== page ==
Bring the chicken stock to a boil. Add the salt. Whisk the cornmeal in gradually, then reduce the heat to low. Cook for about 15 minutes, or until the mixture thickens and the cornmeal is soft and tender. Stir often. When the polenta is fully cooked, remove from the heat and add 2 T of the cooked pancetta and the butter. Stir until the butter is melted.

Pour the hot polenta into a baking pan. Spread it out in the pan until it’s about ¾” thick. Allow the polenta to firm up in the refrigerator for at least 2 hours.

When firm, cut the polenta into four 4” circles. Dredge lightly on all sides with flour, and fry in the reserved pancetta fat and 1 T of olive oil until golden brown on both sides.

Oven Roasted Green Beans
1 lb fresh green beans, ends trimmed                                  
1 tsp sea salt                                                                          
2 T olive oil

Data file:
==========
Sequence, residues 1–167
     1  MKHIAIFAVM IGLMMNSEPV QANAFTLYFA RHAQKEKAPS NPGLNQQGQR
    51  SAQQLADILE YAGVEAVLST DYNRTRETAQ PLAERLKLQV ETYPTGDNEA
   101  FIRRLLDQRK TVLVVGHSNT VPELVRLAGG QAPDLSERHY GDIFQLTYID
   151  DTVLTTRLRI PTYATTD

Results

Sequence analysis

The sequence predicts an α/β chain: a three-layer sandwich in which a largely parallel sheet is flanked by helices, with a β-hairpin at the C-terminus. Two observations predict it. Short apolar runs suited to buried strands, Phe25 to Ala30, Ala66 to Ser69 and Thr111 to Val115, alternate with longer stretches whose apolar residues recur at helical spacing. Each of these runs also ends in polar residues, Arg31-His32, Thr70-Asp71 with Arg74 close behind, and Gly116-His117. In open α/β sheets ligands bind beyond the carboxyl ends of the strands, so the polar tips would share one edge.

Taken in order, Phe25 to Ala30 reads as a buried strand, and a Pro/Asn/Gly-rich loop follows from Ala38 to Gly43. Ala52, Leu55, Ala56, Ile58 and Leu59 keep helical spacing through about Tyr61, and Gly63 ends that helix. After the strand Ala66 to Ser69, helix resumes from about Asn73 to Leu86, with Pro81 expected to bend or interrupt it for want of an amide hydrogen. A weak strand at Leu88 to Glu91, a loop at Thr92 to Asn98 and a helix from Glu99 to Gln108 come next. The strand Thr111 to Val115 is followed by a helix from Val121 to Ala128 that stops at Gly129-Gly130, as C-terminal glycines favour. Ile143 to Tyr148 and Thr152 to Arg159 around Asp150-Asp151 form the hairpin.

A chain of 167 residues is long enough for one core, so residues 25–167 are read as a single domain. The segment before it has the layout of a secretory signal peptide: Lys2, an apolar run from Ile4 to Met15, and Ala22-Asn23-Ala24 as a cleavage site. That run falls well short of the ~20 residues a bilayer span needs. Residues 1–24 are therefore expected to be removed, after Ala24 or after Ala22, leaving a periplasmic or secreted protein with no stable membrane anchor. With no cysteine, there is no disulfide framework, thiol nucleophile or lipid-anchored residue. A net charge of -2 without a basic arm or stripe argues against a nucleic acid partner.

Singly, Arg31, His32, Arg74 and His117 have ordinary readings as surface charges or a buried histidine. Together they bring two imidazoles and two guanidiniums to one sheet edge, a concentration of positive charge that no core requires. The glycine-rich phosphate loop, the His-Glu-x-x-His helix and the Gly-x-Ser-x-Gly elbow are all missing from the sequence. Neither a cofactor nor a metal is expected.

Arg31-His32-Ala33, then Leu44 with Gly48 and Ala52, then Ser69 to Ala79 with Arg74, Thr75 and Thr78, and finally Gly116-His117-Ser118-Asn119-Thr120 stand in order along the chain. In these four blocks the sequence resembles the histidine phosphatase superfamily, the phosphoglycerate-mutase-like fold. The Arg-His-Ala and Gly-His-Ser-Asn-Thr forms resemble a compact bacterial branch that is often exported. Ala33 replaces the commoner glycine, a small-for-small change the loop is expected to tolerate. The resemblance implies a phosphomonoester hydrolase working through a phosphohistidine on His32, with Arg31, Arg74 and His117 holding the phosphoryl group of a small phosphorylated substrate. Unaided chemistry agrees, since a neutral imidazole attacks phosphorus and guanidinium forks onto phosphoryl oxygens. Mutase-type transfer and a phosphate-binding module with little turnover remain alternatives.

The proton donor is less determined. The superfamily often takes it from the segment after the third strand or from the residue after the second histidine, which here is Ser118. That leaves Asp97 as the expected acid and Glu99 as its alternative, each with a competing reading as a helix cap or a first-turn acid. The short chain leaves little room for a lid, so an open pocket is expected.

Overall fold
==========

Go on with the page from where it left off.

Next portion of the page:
Baking Sheet
Large bowl

Preheat oven to 400°. Toss the trimmed green beans with the salt and olive oil in a bowl until the green beans are well coated. Spread out evenly on a baking sheet and roast for 14 minutes, stirring halfway through for even browning.

Cherry-Black Pepper Syrup

1/2 C Pure cherry juice 
1 tsp coarsely ground black pepper            

Measuring cups & spoons
Small sauce pot

Bring the cherry juice to a boil. Lower the heat to medium low and add the black pepper. Reduce the liquid by half, or until thickened and syrupy. Keep over very low heat until ready to serve.

Place each polenta cake in the center of a small plate. Arrange 6-8 green beans on top. Drizzle the cherry-black pepper syrup over each polenta cake and around plate, then sprinkle ½ tablespoon of the remaining cooked pancetta around the plate to garnish.